Last Friday night's community meeting with the state's Commission on Hispanic Affairs was a real eye-opener for me and very, very interesting for several reasons.
First, that meeting was the first time I ever needed a translator. It was a frustrating experience. I had an ear piece in one ear and had to tune out the person actually speaking and focus on the translator. It made the spirit of communication much more difficult than anything I've ever experienced, and I felt empathy for those who face this language barrier on a day to day basis. Hopefully, one would adjust the level of one's patience to compensate for it.
Secondly, I don't feel that much got accomplished at the meeting, except for the fact that the Hispanic commissioners walked away with an understanding of how frustrated Hispanic citizens who attended that meeting feel.
They tried to cram too many timed speakers into the event, including people who weren't on the agenda. English-speaking presenters had to pause every couple sentences while the stop-watch ticked away, waiting for their words to be translated.
A married couple from Walla Walla came to speak of successes in their community for making Latinos feel more a part of the community there. Because the husband (a monolingual English speaker) did most of the speaking, he had to keep stopping for translation while, again, the clock ticked away. The guy never got to finish. He ran out of time. What a long drive for basically nothing.
Then there was a guy from the Human Rights Commission, who was not on the agenda. I learned very little about his organization. He ran out of time, once again stopping while the translator did her job.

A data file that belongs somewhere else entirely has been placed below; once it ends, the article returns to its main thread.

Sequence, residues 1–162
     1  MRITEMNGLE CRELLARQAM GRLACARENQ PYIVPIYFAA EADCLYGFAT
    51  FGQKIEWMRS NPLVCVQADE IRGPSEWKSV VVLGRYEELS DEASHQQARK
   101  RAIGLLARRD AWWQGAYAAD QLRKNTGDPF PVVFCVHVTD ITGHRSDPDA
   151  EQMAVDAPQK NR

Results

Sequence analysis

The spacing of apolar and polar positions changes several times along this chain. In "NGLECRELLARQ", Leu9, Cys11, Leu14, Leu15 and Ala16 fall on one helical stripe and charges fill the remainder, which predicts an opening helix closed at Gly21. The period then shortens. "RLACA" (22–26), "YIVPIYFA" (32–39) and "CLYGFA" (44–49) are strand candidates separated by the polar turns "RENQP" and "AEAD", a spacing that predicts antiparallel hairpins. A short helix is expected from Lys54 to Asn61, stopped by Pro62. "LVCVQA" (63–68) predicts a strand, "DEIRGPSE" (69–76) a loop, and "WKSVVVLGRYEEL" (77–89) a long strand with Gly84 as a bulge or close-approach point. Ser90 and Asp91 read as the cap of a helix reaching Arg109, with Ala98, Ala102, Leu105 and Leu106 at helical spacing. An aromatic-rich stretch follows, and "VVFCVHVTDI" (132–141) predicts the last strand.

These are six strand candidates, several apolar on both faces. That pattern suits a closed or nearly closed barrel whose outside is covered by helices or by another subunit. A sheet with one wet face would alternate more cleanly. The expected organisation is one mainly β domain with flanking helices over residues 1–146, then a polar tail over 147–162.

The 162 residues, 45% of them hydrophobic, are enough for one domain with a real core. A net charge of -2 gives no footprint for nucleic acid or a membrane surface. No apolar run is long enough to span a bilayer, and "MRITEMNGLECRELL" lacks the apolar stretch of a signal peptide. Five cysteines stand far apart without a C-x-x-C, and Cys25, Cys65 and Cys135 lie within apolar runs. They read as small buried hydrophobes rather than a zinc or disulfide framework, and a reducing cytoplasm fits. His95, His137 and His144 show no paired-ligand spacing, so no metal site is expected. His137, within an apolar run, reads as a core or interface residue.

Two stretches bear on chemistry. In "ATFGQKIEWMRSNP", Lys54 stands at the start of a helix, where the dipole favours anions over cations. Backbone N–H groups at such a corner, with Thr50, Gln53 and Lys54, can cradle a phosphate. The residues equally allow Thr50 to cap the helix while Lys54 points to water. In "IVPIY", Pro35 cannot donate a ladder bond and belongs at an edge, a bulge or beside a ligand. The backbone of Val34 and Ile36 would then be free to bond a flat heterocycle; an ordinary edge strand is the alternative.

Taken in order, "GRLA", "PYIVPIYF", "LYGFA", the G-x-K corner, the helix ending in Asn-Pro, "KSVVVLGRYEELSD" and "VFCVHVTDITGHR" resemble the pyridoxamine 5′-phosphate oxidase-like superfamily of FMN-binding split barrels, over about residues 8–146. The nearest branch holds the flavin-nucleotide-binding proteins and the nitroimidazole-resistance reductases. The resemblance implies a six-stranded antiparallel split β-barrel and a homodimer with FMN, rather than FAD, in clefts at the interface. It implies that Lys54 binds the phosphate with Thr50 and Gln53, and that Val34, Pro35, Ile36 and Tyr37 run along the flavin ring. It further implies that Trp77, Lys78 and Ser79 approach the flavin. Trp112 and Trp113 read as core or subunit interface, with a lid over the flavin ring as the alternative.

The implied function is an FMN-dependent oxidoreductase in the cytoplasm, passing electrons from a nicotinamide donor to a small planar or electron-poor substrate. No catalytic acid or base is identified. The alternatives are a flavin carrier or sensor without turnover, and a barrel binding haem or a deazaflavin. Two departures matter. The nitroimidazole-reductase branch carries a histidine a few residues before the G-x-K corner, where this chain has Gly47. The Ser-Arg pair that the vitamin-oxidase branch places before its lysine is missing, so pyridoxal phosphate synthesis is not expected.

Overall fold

Another lady presented some information about the Employment Security Department. Evidently someone, somewhere, thought this had to do with Sunnyside's gang ordinance. The way I understood it, this meeting was for the purpose of discussing the city's newly implemented gang ordinance, of which not much was done.
What did come up, though, was the revelation of the percentage of Hispanics in Washington state (9 percent) and the percentage in Sunnyside (74 percent). What also came up was a complaint that too many Hispanics get arrested. Do the math. It makes sense to me that this would have more to do with demographics than bias.
Another thing that stood out was Interim City Manager Mark Kunkler's inability to answer the question as to how closely the city has worked with the Hispanic population. Seem's to me, now's a good time to note that the city council needs more Hispanics, just to keep up with the demographics.
I feel the meeting ended on a strange note with comments from Hispanic commissioner Victor Chacon, who, by the way, doesn't represent this area. He represents Asotin, Columbia, Garfield, Walla Walla and Whitman counties.
Chacon lectured the panel. In one breath he said there's a huge gap between mainstream culture and folks who work hard through the sweat of their brow...
This is the same man that said solutions will be short in coming if an "us and them" mentality continues.
I don't know what the spirit was behind the meeting, but I walked away with the impression of a very frustrated, and often angry, Hispanic community who was given no real next step of where to go in terms of their frustrations.
It was a venting session. Lots of problems. No tangible solutions or steps toward resolution.